Israeli spymaster criticises Netanyahu from the grave

In an interview published on Monday, Meir Dagan, who died on March 17 at the age of 71, accused the Israeli leader of putting personal interests above national concerns.

Israeli Prime Minister Benjamin Netanyahu  embraces the outgoing director of Mossad, Meir Dagan, on January 2, 2011. In a series of interviews published after his death last month,Dagan attacked Netanyahu for putting his personal interests first.  AFP PHOTO/POOL/RONEN ZVULUN
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JERUSALEM // Even in death, the former head of Israel’s Mossad spy agency is continuing his attack on prime minister Benjamin Netanyahu.

In an interview published on Monday, Meir Dagan, who died on March 17 at the age of 71, accused the Israeli leader of putting personal interests above national concerns.

The Yediot Ahronot daily published excerpts from a series of lengthy interviews given by Dagan. In them, he called Mr Netanyahu “the worst manager I know”.

“The worst thing is that he’s got a certain trait that’s kind of like [former prime minister] Ehud Barak – the two of them believe that they’re the greatest geniuses in the world and that no one gets what it is that they really want,” Dagan said.

“He is the only prime minister – think about that – who reached a state in which the entire security establishment essentially didn’t accept his position.”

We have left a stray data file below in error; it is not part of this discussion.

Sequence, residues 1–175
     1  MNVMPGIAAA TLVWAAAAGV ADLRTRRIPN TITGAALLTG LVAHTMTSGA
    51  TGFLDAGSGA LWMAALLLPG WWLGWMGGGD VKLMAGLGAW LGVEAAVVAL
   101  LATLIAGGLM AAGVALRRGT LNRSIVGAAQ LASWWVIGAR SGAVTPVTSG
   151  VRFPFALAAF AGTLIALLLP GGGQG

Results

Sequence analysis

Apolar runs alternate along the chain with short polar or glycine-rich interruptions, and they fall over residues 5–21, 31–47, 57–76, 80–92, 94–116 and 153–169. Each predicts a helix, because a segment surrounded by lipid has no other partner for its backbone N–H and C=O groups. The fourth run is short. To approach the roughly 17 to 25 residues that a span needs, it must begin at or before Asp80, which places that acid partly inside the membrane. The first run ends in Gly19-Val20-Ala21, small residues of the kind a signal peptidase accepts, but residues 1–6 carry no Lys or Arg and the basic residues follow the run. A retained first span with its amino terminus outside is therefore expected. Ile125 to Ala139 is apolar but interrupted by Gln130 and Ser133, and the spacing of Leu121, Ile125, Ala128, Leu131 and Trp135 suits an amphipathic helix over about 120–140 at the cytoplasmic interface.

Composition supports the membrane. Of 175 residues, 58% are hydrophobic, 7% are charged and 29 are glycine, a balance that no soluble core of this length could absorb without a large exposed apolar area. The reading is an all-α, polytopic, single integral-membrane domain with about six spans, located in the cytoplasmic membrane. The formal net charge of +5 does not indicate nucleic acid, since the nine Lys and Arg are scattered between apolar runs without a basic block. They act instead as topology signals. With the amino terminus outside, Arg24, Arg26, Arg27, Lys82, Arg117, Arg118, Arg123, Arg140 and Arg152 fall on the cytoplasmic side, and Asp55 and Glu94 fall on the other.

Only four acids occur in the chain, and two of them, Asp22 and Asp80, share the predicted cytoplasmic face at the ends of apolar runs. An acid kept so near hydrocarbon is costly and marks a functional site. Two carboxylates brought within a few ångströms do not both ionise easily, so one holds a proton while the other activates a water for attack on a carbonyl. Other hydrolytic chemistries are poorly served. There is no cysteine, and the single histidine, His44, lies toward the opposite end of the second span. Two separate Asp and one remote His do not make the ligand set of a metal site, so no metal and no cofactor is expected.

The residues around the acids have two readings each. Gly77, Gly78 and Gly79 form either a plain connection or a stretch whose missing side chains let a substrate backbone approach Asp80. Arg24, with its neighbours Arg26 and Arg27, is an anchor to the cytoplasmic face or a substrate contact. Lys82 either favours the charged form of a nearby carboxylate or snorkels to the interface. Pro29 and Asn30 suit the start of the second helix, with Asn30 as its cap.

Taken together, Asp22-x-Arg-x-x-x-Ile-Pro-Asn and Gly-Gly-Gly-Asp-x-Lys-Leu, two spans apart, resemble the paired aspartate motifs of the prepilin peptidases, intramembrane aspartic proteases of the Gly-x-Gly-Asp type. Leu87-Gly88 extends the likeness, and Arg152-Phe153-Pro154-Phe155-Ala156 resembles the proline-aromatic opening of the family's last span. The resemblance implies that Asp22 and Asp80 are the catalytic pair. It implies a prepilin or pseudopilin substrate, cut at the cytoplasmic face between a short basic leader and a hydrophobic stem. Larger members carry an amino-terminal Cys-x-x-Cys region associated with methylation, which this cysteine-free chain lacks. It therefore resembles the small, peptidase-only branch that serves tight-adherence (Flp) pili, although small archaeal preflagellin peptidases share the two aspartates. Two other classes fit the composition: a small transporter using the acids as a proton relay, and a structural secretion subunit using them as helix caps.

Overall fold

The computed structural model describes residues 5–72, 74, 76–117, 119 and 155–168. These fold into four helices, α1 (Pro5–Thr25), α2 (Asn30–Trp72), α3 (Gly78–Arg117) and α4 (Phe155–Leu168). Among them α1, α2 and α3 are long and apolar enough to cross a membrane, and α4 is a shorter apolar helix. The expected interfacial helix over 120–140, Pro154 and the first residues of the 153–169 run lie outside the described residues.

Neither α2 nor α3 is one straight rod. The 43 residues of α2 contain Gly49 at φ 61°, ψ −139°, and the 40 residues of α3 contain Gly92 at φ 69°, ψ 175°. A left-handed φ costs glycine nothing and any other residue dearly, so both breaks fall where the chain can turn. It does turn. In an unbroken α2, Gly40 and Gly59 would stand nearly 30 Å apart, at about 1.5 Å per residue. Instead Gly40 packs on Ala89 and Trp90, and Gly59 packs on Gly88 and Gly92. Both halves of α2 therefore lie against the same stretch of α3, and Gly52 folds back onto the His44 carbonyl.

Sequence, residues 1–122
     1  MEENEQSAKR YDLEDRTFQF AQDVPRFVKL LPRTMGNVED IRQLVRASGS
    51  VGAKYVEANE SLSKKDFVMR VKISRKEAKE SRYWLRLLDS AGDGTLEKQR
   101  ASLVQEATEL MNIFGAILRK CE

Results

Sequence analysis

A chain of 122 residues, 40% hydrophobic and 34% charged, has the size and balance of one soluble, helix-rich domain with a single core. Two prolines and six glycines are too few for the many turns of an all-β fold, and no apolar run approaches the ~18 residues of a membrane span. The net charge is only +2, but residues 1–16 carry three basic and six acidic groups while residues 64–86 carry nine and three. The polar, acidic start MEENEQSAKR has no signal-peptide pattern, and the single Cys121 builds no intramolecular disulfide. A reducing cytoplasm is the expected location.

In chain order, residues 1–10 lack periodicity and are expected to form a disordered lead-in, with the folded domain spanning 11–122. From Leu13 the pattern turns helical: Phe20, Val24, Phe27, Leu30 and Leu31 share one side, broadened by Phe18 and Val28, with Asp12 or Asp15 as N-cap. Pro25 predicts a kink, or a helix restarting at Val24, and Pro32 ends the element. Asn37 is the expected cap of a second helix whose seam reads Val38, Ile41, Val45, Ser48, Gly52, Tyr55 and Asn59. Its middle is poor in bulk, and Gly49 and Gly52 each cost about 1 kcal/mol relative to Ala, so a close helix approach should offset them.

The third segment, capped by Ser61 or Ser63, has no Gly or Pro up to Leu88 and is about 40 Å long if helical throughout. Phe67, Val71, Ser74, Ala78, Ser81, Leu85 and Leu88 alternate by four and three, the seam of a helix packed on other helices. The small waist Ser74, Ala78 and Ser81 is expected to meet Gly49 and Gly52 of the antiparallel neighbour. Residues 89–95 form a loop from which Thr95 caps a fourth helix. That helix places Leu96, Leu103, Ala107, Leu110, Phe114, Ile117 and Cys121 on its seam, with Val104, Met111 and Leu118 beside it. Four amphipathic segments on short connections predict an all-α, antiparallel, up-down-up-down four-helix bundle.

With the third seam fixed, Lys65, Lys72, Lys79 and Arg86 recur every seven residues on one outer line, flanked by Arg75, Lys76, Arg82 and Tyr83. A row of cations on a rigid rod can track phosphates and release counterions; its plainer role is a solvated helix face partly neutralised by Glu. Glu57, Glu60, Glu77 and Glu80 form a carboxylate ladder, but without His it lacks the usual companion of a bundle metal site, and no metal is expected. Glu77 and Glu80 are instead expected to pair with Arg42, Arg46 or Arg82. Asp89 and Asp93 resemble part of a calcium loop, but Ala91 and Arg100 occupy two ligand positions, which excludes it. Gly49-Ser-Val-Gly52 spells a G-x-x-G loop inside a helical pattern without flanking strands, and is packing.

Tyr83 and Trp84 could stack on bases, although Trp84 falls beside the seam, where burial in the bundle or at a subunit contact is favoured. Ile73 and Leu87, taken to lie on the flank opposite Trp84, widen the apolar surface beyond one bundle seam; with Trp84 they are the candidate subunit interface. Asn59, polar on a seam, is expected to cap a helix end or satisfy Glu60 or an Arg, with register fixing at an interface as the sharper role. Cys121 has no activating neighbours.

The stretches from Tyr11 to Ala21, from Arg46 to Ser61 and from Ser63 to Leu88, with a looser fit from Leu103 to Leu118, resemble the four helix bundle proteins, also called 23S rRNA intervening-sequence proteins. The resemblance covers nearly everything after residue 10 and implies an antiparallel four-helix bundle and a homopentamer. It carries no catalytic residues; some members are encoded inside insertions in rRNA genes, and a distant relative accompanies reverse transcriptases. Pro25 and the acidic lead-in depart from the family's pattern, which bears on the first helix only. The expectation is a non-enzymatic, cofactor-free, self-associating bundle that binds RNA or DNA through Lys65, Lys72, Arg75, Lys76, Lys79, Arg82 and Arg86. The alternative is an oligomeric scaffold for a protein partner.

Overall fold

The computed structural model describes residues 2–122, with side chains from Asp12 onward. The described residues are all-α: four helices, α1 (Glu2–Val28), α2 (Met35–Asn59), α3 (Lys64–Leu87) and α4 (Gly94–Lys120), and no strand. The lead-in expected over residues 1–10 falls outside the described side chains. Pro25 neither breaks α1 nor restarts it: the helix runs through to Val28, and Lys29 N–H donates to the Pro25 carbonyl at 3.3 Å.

Dagan, who led Mossad from 2002 to 2011, opposed the prospect of an Israeli pre-emptive military strike against Iran’s nuclear facilities that Mr Netanyahu was said to have supported.

Under his leadership, Mossad reportedly carried out covert attacks against Iranian nuclear scientists and unleashed cyberattacks, including the Stuxnet virus, developed in cooperation with the US. The virus was credited with delaying Iran’s nuclear programme.

But he thought air strikes would be counterproductive and was often credited with preventing them from happening.

“The working assumption that it would be possible to fully stop the Iranian nuclear programme by means of a military strike is incorrect,” Dagan said.

“That military capacity doesn’t exist. The only thing that can be accomplished is suspension – and that would be for a defined period of time.”

“If Israel attacks, [Iran’s supreme leader Ayatollah Ali] Khamenei will thank God. That will unite the Iranian people behind the project and will allow Khamenei to say the project was for peaceful purposes until now.

“But because we’ve been attacked by a terrorist state, we have to turn the project into a military project in order to defend ourselves.”

After resigning from Mossad, Dagan criticised Mr Netanyahu’s opposition to the nuclear deal between Iran and world powers.

Days before Israel’s elections last year, he tearfully implored Israelis at a rally to vote him out.

* Associated Press and Agence France-Presse